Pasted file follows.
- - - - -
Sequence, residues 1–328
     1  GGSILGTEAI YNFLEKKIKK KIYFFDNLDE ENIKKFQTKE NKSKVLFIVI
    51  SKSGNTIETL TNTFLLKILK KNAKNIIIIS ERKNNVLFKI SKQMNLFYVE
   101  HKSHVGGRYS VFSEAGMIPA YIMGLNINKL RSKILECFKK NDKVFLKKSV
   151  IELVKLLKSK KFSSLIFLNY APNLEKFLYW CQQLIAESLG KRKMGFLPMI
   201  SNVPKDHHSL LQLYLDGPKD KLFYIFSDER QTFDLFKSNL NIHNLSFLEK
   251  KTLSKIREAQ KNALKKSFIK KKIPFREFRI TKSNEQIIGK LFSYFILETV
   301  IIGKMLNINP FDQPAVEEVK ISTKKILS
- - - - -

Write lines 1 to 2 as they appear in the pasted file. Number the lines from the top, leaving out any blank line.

Sequence, residues 1–328
     1  GGSILGTEAI YNFLEKKIKK KIYFFDNLDE ENIKKFQTKE NKSKVLFIVI